In Provence there is a 13th century convent tucked into the fold of the hills of the Vaucluse. St. Hilaire is my happy place. When I meditate that is where I picture myself, sitting on the grass in the courtyard in back, watching the poplar trees across the valley sway in the breeze. We sat there for a long time, Kosta and I, just drinking in the peace infused in the very stones of the place. We didn’t speak, we just sat and watched the sky, the trees, and felt the breeze wash over us, content to just be. Even if I never return (and I sorely hope that is not the case) I will never forget the way that place made me feel.
I have visited this cathedral twice in my life–once on a study abroad tour in 1995 and once with my husband in 2013. It was really the first true Gothic cathedral I visited and it blew me away with it being massively cavernous, and yet somehow delicate and ethereal at the same time.
Both times were crowded, but my most recent visit was truly packed. We were there in September and the line to get inside wound around the square in front of it. And much to our dismay, some hillbilly with a thick southern accent was pointing at the church and shouting at the line, “Is this FREE?” I wanted to die, I was so embarrassed to be an American. I’m not usually, but ask me again if Trump gets elected.
If the place wasn’t so crowded I imagine it would be a place full of quiet peace. We found it to be stuffy, loud, and hard to navigate through the throngs of people. Even so, it is a thing of beauty and a wonder to behold.
Lourmarin is a beautiful village in the hills of Provence. We visited in 2013 and were infinitely lucky we turned up on market day. You would not believe the markets in France, they are the best and most wonderful in the world, in my humble opinion. That day we bought fresh goat cheeses, tapenade, olives, crusty bread, and wine. There were also Provencal soaps, lavender, scarves, lace, olive wood bowls and spoons, herbs, and all sorts of gorgeous goods all heaped together.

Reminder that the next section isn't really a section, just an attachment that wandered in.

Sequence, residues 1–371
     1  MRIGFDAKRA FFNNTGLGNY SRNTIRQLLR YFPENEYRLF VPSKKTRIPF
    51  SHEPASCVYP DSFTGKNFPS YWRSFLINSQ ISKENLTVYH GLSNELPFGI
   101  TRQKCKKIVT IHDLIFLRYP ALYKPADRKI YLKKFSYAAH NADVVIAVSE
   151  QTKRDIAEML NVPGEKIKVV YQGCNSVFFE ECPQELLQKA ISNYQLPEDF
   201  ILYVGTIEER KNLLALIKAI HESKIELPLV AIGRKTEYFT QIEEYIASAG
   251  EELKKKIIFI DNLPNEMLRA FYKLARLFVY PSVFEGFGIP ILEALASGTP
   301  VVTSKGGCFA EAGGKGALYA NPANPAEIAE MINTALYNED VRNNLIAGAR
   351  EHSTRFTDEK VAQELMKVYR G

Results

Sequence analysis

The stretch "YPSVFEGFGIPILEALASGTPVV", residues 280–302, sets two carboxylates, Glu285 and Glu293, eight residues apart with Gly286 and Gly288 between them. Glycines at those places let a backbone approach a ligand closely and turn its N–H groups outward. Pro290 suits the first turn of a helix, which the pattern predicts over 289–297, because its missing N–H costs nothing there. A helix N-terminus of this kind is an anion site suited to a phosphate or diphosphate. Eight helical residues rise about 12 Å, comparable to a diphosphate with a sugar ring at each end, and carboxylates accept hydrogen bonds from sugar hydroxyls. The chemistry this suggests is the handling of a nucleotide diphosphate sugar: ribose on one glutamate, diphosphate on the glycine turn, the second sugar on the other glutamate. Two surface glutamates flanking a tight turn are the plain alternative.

After we wandered the stalls we sat at an outdoor cafe and had a drink while we watched people. There was a crazy bald man with an accordion busking for change and making us all laugh with his songs and dancing. My husband, who is a huge fan of Peter Mayle, noticed later that his author photo on his books was taken at the very same cafe where we sat. Sadly, we did not see him, otherwise we may have had to gush.
The premiere wines of Provence come from this little town, which is in itself a gem, a central fountain, winding streets up the hills, and many wine caves for tasting the wares of the different vineyards. We spent a lovely afternoon there after a morning in Avignon.
We had lunch at an outdoor café and then explored the town, walking up the hill to the church and then back down again to buy some wine. We came away with five precious bottles – three to be given as gifts to our hosts, and two to come home with us. If you’ve never been to France let me tell you there is no such thing as a bad bottle of wine. Even the cheap €3 bottle we bought for a picnic was far superior to anything we can get in the US.